Tracking stem cells in the body
22 June 2012
Researchers at the University of Liverpool have developed new methods to track stem cells and further understanding of what happens to them after they have been in the body for a significant period of time.
Stem cells are used to treat conditions such as leukaemia and have the potential to treat many more diseases and disorders where patient survival is reliant on organ and tissue donation. Currently, however, it is difficult for medics to establish whether stem cells have survived following transplantation in the body and if they reach their target site or migrate elsewhere.
In order to track stem cells in the body scientists use superparamagnetic iron oxide nanoparticles (SPIONs) to 'label' the cells before they are administered into the patient.
These particles can be picked up by magnetic resonance imaging (MRI) scans and help medics establish if the stem cells reach their intended target. Conditions within the body's cells, however, can lead to the degradation of SPIONs and reduce the ability of MRI scans to pick up on their signal in the long-term.
Scientists at Liverpool are developing methods to visualise SPIONs in the cells before they enter the body to learn where the particles are going within the stem cell and help predict how they might perform once they are inside the body over a long period of time.
They are using a photothermal technique, a unique optical imaging system, to improve SPION labelling so that particles survive for longer and have minimal impact on the function of the transplanted cells.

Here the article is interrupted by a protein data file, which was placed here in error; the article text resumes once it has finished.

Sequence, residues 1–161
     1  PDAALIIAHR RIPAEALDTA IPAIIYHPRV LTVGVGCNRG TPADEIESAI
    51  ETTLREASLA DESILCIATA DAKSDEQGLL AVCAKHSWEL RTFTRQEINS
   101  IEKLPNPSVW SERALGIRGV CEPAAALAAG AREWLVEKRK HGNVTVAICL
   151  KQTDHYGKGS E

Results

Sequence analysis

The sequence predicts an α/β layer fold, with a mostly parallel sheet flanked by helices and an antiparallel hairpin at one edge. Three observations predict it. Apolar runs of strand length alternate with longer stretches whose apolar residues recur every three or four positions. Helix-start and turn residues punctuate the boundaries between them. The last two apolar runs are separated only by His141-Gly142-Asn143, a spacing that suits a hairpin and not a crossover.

Dr Lara Bogart, from the University's Institute of Integrative Biology, said, ''Stem cells have the potential to replace and repair damaged tissue to preclude the need for a patient to wait for an organ or tissue transplant. Research is ongoing into how it could be used to treat a wide variety of diseases such as Alzheimer's, Parkinson's disease, and type one diabetes.
''In order to fully explore this potential, however, more technological developments are needed to understand how stem cells behave in the body after transplantation. If we can't monitor stem cells effectively, it can have serious implications for patient health. Studies have already shown that if cells migrate to the circulatory system, beyond their target organ or tissue site, then it can cause inflammation in the body.
''Labelling stem cells is hugely valuable to tracking their movements in the body, but we need to know more about how the particles used interact with stem cells. Using new imaging systems we can work out their precise location in the cell and how they behave over time. We hope to use this information to improve understanding of the MRI signal that tracks SPIONs once stem cells have been transplanted.''